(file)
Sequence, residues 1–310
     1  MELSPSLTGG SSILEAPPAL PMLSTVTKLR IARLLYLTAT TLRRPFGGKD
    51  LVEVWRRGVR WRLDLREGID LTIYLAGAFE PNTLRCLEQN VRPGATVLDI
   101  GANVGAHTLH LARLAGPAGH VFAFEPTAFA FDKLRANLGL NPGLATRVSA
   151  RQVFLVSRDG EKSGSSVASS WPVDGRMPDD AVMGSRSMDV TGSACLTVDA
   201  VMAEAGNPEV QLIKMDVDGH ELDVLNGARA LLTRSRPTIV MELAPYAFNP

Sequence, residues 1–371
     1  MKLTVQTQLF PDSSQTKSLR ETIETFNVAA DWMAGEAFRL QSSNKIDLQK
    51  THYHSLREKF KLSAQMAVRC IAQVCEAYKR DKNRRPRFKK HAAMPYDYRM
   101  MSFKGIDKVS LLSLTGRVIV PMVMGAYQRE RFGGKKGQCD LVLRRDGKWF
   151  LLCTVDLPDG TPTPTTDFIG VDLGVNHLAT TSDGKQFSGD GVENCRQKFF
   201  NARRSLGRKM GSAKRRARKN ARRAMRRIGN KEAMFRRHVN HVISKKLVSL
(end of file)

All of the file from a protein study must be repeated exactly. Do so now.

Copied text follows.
Sequence, residues 1–310
     1  MELSPSLTGG SSILEAPPAL PMLSTVTKLR IARLLYLTAT TLRRPFGGKD
    51  LVEVWRRGVR WRLDLREGID LTIYLAGAFE PNTLRCLEQN VRPGATVLDI
   101  GANVGAHTLH LARLAGPAGH VFAFEPTAFA FDKLRANLGL NPGLATRVSA
   151  RQVFLVSRDG EKSGSSVASS WPVDGRMPDD AVMGSRSMDV TGSACLTVDA
   201  VMAEAGNPEV QLIKMDVDGH ELDVLNGARA LLTRSRPTIV MELAPYAFNP

Sequence, residues 1–371
     1  MKLTVQTQLF PDSSQTKSLR ETIETFNVAA DWMAGEAFRL QSSNKIDLQK
    51  THYHSLREKF KLSAQMAVRC IAQVCEAYKR DKNRRPRFKK HAAMPYDYRM
   101  MSFKGIDKVS LLSLTGRVIV PMVMGAYQRE RFGGKKGQCD LVLRRDGKWF
   151  LLCTVDLPDG TPTPTTDFIG VDLGVNHLAT TSDGKQFSGD GVENCRQKFF
   201  NARRSLGRKM GSAKRRARKN ARRAMRRIGN KEAMFRRHVN HVISKKLVSL